Prof. Dr. Patrick Onck
Prof. Dr. Patrick Onck is a full professor at the university of Groningen. Research in the Onck group aims at understanding the micromechanical and functional behavior of (biological) materials based on an accurate description of the underlying (bio-) physical mechanisms. Computational techniques (e.g. molecular dynamics, finite element methods and solid-fluid interaction techniques) are being used to explicitly account for the physical mechanisms at the relevant length scales.
Primary focus at the moment is on:
Transport through the nuclear pore complex
Phase separation and aggregation of disordered proteins
Molecular chaperones in neurodegenerative diseases
Soft-robotic nature-inspired microswimmers and magnetic artificial cilia.
Prof. Dr. Ute Ebert
Prof. Dr. Ute Ebert is the leader of CWI's research group Multiscale Dynamics, and also full professor of Applied Physics at Eindhoven University of Technology. While her group in Amsterdam develops analytical and computational models and model reduction techniques for pulsed gas discharges, the collaboration with experimental and applied research on the same topic in Eindhoven has led to many joint projects and publications since her appointment in Eindhoven in 2002. Current joint projects are financed by the EU and by NWO and concern lightning physics, high voltage technology in the context of electricity nets, and applications of pulsed plasmas in agriculture and combustion engines.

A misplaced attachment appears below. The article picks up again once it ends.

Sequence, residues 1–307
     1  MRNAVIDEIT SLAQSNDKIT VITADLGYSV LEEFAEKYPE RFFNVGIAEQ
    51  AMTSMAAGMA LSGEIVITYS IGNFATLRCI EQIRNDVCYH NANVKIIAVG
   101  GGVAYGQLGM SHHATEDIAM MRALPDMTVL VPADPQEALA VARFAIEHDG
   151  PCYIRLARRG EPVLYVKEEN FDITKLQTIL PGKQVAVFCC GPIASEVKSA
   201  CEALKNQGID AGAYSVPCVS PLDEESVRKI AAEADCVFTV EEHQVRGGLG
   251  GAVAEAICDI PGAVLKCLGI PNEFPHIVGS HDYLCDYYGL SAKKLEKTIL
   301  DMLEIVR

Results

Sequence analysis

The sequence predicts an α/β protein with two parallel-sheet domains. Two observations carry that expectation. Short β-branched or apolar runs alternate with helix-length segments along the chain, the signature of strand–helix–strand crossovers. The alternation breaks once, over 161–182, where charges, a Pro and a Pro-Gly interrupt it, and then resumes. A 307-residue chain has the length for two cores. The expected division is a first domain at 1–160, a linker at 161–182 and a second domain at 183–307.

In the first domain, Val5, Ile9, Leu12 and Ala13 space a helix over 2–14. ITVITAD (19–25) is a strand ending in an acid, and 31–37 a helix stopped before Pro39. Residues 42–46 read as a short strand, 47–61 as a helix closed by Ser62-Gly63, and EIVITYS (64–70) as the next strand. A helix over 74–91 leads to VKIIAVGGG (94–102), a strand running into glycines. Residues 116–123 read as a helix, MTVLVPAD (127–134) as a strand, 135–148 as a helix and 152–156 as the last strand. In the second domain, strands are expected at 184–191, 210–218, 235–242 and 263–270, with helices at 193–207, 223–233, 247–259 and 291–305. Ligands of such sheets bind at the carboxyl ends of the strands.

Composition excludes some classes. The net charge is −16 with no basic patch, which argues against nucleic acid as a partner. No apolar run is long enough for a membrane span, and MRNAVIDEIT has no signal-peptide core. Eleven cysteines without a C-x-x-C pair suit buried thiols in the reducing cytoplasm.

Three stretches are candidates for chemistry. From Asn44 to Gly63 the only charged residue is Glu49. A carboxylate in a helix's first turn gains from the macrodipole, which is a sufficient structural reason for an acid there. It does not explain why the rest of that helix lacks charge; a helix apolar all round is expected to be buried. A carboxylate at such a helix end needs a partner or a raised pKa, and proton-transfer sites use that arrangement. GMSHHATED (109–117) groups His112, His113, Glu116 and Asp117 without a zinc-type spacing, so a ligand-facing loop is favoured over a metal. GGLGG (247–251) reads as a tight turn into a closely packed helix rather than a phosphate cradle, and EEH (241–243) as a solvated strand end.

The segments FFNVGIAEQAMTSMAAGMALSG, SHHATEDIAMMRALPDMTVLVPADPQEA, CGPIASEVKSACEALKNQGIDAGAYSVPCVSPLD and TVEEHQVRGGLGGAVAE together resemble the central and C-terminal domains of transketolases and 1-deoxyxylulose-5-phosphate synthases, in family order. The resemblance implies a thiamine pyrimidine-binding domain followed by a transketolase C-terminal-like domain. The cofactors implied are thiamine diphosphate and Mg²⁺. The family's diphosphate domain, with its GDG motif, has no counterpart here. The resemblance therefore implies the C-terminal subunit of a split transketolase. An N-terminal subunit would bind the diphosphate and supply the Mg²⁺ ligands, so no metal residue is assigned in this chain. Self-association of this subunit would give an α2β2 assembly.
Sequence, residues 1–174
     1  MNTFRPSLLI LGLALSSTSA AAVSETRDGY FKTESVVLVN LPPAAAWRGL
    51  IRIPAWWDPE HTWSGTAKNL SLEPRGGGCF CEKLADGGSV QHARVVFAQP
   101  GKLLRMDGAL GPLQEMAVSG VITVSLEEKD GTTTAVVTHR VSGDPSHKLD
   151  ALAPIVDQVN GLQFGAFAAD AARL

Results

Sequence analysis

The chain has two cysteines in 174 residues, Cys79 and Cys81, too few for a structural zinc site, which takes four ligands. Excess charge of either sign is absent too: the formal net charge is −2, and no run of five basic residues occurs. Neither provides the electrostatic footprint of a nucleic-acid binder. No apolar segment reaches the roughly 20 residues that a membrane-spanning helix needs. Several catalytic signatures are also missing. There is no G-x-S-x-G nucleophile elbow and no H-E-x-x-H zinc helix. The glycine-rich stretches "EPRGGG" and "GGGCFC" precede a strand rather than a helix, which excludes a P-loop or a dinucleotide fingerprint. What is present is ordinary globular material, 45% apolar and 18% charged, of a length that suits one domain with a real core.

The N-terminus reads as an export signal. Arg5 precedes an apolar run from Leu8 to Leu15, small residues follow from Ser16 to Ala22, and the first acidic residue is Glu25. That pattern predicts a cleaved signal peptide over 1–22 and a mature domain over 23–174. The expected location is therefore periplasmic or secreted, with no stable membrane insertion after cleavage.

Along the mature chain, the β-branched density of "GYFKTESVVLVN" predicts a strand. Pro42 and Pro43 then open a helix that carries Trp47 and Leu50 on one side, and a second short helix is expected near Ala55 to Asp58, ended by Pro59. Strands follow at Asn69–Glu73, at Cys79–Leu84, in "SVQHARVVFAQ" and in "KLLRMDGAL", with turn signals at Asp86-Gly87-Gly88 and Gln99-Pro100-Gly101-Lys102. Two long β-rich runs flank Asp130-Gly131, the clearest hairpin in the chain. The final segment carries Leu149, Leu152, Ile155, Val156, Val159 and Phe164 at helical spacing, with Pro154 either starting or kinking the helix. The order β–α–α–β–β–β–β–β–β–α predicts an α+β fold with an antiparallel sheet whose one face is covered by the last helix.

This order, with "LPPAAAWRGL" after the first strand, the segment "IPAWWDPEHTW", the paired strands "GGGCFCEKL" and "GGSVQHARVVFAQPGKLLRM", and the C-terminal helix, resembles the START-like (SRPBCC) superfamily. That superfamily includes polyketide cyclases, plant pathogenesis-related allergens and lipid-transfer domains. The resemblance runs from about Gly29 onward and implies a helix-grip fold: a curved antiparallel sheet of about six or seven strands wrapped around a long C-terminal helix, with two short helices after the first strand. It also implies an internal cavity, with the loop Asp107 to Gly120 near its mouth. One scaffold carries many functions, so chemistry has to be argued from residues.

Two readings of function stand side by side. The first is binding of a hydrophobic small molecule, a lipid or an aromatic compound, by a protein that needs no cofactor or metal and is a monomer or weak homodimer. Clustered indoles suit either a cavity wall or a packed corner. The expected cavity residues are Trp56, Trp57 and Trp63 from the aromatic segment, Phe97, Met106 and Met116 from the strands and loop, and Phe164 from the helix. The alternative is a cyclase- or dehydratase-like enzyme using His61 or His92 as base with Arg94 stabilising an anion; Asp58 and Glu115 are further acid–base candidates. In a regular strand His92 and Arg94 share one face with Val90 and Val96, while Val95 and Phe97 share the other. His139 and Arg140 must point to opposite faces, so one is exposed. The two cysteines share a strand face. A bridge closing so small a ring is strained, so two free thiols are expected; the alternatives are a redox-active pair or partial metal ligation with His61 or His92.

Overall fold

Prof. Fabrizio De Vico Fallani
Prof. Fabrizio De Vico Fallani currently leads a multidisciplinary lab working on the analysis and modeling of brain functioning from a system perspective. Theoretical developments are in the field of network theory and signal processing adapted to neuroimaging data. Applications range from the study of brain diseases (eg, stroke, Alzheimer) to the development of brain-computer interfaces. In 2020 he was awarded an ERC Consolidator Grant by the European community. In 2018 he received the "Young investigator" award by the Complex Systems Society (CSS). In 2012 he received the "Young researcher" award and in 2009 the prize for the "best PhD thesis" by the National Group of Bioengineering (GNB).
Bernard Geurts holds the chair for Multiscale Modeling and Simulation in the Department of Applied Mathematics at the University of Twente.
His research interests are in mathematics, physics and numerics. He concentrates on multiscale problems in turbulence, in complex fluids and in biology. These have applications related to generation and storage of energy, monitoring and improving health and predicting human impact on the environment.
He also holds a part-time chair for Anisotropic Turbulence at Eindhoven University of Technology, which allows to complement the modeling and simulation work with detailed physical experiments.
Julian Koellermeier, University of Groningen
Dr. Julian Koellermeier is Assistant Professor in the Computational Mathematics group of the Bernoulli Institute within the Faculty of Science and Engineering and associated with the Groningen Cognitive Systems and Materials Center (CogniGron). Previously, he was a Marie-Curie postdoc at KU Leuven, and held positions at Peking University, and Free University Berlin. He obtained his PhD in Applied Mathematics from RWTH Aachen University.
Julian's research is interdisciplinary and situated at the interface of applied mathematics, numerical simulation, and computational engineering. He develops mathematical models and numerical simulations, e.g., for applications in rarefied gases, nuclear fusion, and geophysical flows.
To apply, kindly fill out the online application form. Please note that you will be asked to upload the following documents:
Curriculum Vitae (max. 1 page)
Motivation letter, clearly stating why you want to join this summer school, what you will bring to the school and what you hope to learn (max. 1 page)
The deadline for application is 31 May 2023. Selected applicants will be informed by 1 June 2023.
|Last modified:||10 July 2023 10.32 a.m.|